Smart government policy is key to unlocking offshore wind’s potential
While the technology and economics of offshore wind may finally make sense for project developers, utilities, and grid operators, clear government policy is still required to provide investment certainty and get steel in the water. In the absence of smart federal policy guidance under the Trump Administration, states will have to lead the way to lock in economic growth opportunities for their communities as well as the corporations who want to make investments.
Fortunately, policy models already exist to provide certainty for utilities and developers. Massachusetts’ Act Relative to Energy Diversity reduces financial risks for developers by identifying ideal areas for offshore wind development that minimize potential conflicts and costly delays. New York has specified ideal wind farm project sizes and is developing an Offshore Wind Master Plan to identify ideal project locations, while consulting with stakeholders and conducting feasibility studies to expedite development. And Maryland’s renewable portfolio standard includes a 2.5% offshore wind carve-out beginning in 2017 and running beyond 2022, providing three-year Offshore Renewable Energy Credits between wind farms and utilities that create revenue certainty.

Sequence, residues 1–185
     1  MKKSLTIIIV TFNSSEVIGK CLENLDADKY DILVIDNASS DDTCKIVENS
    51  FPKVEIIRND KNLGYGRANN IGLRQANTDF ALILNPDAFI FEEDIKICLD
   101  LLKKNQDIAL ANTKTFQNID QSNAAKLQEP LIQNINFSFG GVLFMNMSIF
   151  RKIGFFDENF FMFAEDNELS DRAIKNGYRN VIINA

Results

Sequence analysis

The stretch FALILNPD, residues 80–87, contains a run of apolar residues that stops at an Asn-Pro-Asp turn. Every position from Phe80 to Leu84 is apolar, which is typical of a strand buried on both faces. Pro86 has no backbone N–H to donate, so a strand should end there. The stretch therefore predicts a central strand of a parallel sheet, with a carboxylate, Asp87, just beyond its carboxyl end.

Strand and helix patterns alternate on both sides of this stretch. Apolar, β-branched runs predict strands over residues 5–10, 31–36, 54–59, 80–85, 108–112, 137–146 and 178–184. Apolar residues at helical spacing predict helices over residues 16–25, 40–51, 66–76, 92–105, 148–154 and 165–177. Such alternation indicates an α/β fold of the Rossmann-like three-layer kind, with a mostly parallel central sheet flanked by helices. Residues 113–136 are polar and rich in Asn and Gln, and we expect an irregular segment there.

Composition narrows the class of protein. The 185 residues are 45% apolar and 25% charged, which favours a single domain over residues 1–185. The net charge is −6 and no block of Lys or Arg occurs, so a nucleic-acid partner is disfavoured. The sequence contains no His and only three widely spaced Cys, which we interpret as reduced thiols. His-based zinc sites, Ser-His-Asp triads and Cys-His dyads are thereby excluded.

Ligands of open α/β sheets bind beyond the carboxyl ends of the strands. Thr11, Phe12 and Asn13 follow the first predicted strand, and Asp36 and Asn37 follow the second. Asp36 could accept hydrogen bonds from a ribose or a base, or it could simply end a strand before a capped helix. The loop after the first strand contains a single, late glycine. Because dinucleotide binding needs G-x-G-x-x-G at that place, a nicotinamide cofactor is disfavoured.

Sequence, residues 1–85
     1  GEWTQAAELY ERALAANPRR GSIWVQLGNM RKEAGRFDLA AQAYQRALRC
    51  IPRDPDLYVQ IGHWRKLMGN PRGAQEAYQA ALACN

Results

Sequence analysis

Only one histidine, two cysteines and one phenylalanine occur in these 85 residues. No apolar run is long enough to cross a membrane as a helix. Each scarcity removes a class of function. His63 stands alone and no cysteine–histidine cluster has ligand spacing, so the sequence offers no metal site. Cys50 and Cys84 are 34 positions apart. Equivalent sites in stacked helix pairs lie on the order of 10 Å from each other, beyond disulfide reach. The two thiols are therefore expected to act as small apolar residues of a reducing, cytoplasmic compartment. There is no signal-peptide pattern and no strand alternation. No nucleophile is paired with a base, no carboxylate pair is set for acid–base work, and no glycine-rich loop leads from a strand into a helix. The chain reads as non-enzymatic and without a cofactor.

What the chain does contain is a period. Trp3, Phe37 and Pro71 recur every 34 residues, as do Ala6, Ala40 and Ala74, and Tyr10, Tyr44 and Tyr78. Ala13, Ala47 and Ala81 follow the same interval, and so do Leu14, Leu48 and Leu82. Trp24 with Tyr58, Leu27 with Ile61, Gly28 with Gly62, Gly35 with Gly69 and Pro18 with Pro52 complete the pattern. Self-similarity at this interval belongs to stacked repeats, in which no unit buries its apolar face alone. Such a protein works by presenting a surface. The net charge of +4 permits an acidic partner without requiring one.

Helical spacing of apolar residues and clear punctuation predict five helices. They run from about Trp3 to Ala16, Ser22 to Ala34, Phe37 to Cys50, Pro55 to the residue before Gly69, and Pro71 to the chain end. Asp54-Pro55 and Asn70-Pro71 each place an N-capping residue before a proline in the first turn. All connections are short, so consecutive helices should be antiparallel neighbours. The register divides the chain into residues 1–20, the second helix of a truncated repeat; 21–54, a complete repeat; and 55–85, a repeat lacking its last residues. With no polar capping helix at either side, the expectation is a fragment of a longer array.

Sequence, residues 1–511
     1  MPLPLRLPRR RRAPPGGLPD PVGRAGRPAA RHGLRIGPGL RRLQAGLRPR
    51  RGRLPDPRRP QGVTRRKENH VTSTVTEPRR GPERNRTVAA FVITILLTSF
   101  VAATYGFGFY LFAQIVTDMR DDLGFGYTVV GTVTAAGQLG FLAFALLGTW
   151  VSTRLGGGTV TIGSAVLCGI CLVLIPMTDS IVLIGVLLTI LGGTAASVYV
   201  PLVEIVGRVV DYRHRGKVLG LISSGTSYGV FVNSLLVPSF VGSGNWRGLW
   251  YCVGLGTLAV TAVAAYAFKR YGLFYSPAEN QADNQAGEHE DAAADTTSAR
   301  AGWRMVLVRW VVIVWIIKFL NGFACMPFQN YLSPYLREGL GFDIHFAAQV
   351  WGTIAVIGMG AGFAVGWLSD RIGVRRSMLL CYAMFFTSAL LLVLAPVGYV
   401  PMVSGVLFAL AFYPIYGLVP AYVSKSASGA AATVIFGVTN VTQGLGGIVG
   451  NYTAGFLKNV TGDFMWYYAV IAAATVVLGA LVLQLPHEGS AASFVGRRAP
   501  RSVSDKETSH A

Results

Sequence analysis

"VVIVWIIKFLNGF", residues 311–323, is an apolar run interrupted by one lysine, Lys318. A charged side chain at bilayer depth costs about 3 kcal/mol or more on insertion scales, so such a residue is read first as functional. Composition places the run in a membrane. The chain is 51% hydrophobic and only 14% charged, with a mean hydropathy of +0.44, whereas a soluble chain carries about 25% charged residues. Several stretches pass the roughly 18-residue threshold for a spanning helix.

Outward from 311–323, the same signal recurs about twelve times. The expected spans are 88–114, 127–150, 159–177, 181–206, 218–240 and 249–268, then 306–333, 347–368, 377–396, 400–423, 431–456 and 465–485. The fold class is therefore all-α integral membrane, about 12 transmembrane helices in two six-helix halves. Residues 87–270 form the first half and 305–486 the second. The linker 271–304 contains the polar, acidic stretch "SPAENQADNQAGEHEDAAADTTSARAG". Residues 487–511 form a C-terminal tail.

Every new turbine added just off the coast has an economic ripple effect, creating good jobs and investment in coastal communities which have often suffered from industries moving overseas. Conversely, each new turbine presents immense economic potential for investors and utilities to benefit from offshore wind’s technological advances and cost declines. Combine them, and you’ve got a win-win scenario for economic growth and investment, along with major emissions reductions.
By Silvio Marcacci
Silvio Marcacci is Communications Director at Energy Innovation, where he leads all public relations and communications efforts.